And Hillary Clinton, the ultimate modern jilted wife, showed who wore the pantsuit, when she snapped during an interview in Africa, declaring that she was the secretary of State, dammit, not Bill. So what if it was all the result of a translation error, if the questioner wasn’t actually asking her husband’s opinion of a Chinese loan to the Congo? Hillary, queen of calculated indifference, finally asserted her independence—ferociously. (Even fictional women are getting into the act: On Mad Men, Betty Draper finally left serial womanizing husband, Don.)
"It’s all about women feeling their own power and getting comfortable with their own anger," says actress Susie Essman, who plays the ultimate no-shit-taking wife, Susie Green, on Curb Your Enthusiasm. Essman, whose book What Would Susie Say?: Bullshit Wisdom About Love, Life and Comedy, was published this fall, says women come up to her all the time to tell her they just wish they could talk to their husbands the way her character to hers (with lots of insults and f-bombs).
There are plenty of other examples, some better feminist icons than others but each, in her way, newly liberated: Kate Gosselin may be a shrew but she’s not a sucker. She didn’t stand for Jon’s philandering or his lame attempts at mitigating the damage—she didn’t accept the modest bouquet of flowers he offered up at their divorce hearing. Meanwhile, Bristol Palin, with a newborn baby and mounting pressure from no less a force than the Christian right, still didn’t marry cheeseball nude model Levi Johnston this year. And then there are the many women not letting Italian Prime Minister Silvio Berlusconi get away with his truly epic promiscuity parade: His wife, Veronica Lario, who is now demanding £40 million a year in spousal support; Patrizia D’Addario, the prostitute who dished on her night with the P.M. and is turning her story into a book.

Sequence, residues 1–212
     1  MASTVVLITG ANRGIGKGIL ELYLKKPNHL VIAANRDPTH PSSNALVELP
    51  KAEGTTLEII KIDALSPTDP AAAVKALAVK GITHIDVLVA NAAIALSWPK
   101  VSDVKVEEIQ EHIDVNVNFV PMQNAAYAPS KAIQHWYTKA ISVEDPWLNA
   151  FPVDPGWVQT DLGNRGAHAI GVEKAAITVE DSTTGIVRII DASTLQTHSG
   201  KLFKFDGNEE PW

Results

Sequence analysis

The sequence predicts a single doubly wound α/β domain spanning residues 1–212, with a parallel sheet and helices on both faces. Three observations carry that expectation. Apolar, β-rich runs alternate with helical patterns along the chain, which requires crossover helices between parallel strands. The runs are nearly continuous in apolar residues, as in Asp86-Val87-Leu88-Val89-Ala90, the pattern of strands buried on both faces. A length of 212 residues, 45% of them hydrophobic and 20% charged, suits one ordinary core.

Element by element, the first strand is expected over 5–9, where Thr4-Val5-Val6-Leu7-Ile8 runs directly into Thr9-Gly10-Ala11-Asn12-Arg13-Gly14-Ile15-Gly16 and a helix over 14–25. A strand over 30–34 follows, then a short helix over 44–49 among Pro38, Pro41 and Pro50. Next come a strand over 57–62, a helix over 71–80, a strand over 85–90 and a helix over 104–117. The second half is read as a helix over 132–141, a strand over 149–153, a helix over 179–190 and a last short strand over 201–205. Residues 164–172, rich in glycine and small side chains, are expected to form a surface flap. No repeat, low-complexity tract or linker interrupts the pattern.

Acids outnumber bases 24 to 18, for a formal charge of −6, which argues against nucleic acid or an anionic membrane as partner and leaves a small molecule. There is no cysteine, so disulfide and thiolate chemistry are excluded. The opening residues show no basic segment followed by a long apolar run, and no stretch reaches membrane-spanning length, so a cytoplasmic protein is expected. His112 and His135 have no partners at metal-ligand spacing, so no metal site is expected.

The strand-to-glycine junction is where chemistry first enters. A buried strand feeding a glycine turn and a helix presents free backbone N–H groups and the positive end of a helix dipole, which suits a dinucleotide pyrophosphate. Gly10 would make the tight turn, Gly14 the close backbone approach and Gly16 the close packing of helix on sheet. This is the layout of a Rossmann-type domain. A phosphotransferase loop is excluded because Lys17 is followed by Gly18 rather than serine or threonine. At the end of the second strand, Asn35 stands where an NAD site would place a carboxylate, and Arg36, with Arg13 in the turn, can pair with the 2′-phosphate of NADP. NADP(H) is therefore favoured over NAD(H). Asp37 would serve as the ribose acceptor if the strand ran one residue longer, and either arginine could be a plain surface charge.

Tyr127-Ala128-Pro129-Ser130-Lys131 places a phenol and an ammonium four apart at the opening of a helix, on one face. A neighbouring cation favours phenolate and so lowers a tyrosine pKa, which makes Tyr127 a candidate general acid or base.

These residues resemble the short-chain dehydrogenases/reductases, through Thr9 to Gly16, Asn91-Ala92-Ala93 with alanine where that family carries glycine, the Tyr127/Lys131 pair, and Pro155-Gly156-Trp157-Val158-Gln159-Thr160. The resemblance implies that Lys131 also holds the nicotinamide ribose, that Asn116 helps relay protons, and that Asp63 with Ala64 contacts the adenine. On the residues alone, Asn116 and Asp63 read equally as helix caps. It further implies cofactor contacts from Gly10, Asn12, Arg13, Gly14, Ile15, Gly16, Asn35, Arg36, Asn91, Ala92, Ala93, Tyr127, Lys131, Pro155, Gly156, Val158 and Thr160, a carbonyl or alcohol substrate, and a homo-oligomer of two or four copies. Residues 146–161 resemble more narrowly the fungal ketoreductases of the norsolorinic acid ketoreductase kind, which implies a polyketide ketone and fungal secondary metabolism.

At a time when every inchoate raving that tumbles forth from Sarah Palin is taken as a referendum on the progress of the women’s movement, it’s nice to see some prominent women refusing to play to type: the teenage pro-lifer staring down single parenthood; the pretty, press-shy athlete’s wife just maybe, possibly, not being pacified by a "Kobe special"—some fat bauble the size of her head. The thing about feminism is that it’s not about equal outcome but equal opportunity: the chance to make a graceful exit from a bad relationship or to smash the holy hell out of a cheating husband’s shiny Cadillac.
"I think real feminism is women’s recognizing their own ability," says Nan Talese, senior vice president of Doubleday and, for 50 years, the wife of journalist Gay Talese, author of the classic infidelity tome Thy Neighbor's Wife. "And also, very importantly, without taking away from other members of their family, it is about women being able to pursue their own goals."
Amen, sister. And if that fails, pass the nine iron.
Rebecca Dana is a culture correspondent for The Daily Beast. A former editor and reporter for The Wall Street Journal, she has also written for The New York Times, The New York Observer, Rolling Stone and Slate, among other publications.